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Police Power is the power of promoting public welfare by restraining and regulating

the use of liberty and property



Scope Police power affects both the property rights and liberty of private persons thus
affects virtually all the people in contrast to
Power of eminent domain which affects only those people whose property are needed
for conversion to public use and from
Power of taxation which though imposed on most people directly demands only part of
their money as contribution to the upkeep of the government.

Characteristic Police power is the most pervasive, the least limitable and the most
demanding of all the powers. It operates from the womb to the tomb, protecting the
person even before he is born and prescribing stricture and requirements as to the
disposition of his body and his estate, if any, when he dies.
In between practically everything a person does or owns comes under the police power.

The justification is found in the ancient latin maxims, salus populi est suprema lex "The
welfare of the people shall be the supreme law" and Sic Utere tuo ut alieanum non laedas use
[what is] yours so as not to harm [what is] of others. It calls for the subordination of individual
benefit to the interest of the greater number. Thus it was held that the police power may
not be bargained away through the medium of a contract or treaty.

The non-impairment clause must yield to the police power when it deals with subjects
affecting the public welfare.

Power of Eminent Domain is the highest and most exact idea of property remaining
in the government acquired for some public purpose through a method in the nature of a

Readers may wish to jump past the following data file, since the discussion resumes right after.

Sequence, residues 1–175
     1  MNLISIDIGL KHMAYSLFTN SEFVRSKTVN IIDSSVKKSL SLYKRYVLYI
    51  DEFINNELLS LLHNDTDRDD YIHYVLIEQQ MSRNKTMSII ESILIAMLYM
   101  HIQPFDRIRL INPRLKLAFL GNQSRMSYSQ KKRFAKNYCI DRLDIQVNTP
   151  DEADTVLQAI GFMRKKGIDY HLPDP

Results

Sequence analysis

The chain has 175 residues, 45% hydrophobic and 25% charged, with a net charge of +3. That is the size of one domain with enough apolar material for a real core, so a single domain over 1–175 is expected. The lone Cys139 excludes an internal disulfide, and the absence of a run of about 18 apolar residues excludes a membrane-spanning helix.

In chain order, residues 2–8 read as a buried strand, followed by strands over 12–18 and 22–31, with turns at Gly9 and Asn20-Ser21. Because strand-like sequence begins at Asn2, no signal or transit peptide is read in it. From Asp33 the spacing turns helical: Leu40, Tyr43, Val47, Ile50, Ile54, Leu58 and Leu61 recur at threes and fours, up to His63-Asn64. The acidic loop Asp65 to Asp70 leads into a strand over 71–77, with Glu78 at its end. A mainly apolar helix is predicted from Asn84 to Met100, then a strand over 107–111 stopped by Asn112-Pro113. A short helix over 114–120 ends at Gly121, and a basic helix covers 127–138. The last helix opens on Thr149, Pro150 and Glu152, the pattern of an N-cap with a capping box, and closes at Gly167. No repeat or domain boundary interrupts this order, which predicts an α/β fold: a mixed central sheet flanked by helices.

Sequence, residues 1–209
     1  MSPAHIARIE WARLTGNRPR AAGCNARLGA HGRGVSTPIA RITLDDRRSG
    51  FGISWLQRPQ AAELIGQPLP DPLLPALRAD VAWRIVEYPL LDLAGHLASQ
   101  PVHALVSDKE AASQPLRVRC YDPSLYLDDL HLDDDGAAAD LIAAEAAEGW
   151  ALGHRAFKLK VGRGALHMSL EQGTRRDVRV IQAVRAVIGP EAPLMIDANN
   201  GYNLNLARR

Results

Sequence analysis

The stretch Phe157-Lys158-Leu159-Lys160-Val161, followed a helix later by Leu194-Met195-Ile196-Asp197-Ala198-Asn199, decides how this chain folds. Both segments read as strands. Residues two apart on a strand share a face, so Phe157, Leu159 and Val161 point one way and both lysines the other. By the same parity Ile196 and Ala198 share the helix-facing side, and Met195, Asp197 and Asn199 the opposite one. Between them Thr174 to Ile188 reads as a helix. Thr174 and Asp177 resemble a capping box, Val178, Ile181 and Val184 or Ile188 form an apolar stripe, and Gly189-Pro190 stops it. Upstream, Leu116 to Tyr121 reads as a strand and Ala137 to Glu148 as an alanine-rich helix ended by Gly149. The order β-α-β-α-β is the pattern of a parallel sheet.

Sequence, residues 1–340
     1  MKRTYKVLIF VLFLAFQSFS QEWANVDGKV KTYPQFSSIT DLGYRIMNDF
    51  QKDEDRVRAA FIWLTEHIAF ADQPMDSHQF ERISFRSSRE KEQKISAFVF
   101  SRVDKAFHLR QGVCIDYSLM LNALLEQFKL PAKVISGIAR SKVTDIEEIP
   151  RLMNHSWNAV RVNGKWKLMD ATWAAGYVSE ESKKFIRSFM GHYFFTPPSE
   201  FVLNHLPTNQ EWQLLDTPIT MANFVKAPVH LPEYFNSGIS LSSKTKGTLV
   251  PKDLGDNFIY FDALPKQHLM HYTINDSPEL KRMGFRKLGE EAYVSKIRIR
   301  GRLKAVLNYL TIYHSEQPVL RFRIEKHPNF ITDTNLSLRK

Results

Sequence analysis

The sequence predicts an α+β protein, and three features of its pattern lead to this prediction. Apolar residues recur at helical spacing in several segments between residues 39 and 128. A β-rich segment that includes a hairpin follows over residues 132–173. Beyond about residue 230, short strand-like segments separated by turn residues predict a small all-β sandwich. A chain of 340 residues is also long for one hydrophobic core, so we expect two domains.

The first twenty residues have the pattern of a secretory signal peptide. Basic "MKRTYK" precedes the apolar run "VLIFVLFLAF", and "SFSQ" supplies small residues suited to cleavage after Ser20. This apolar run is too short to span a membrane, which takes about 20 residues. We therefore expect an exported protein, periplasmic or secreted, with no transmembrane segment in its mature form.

compulsory sale to the State

Power of Taxation is the method in implementing taxes whereby proportional
contributions from person and property are enforced, levied by the State by virtue of its
sovereignty, for the support of Government and for all public needs.

Similarities:

The three inherent powers of the state are similar in the following respects:

1. They are inherent in the state and may be exercised by it without need of
express constitutional grant.
2. They are not only necessary but indispensable. The state cannot continue or be
effective if it is unable to exercise them.
3. They are methods by which the state interferes with private rights.
4. They all presuppose an equivalent compensation for the private rights interfered
with.
5. They are exercised primarily by the legislature.

Differences:

The three inherent powers of the state are different in the following ways:

1. The police power regulates both liberty and property. The power of eminent
domain and power of taxation affect only property rights
2. The police power and power of taxation may only be exercised by the
government. The power of eminent domain may be exercised by some private
entities.
3. The property taken in the exercise of police power is destroyed because it is
noxious or intended for a noxious purpose. The property taken under the power
of eminent domain and power of taxation is intended for public use or purpose
and is therefore wholesome.
4. The compensation of the person subjected to the police power is the intangible
altruistic feeling that he has contributed to the general welfare. The
compensation involved in the other powers is concrete, to wit, the full and fair
equivalent of the property expropriated or protection and public improvements of
the taxes paid

Limitations

Although inherent and indispensable the three inherent powers of the state may not
be exercised arbitrarily, to the prejudice of the Bill of Rights.

The presumption on libertarian societies is in favour of private rights and against
attempts on the part of the state to interfere with them.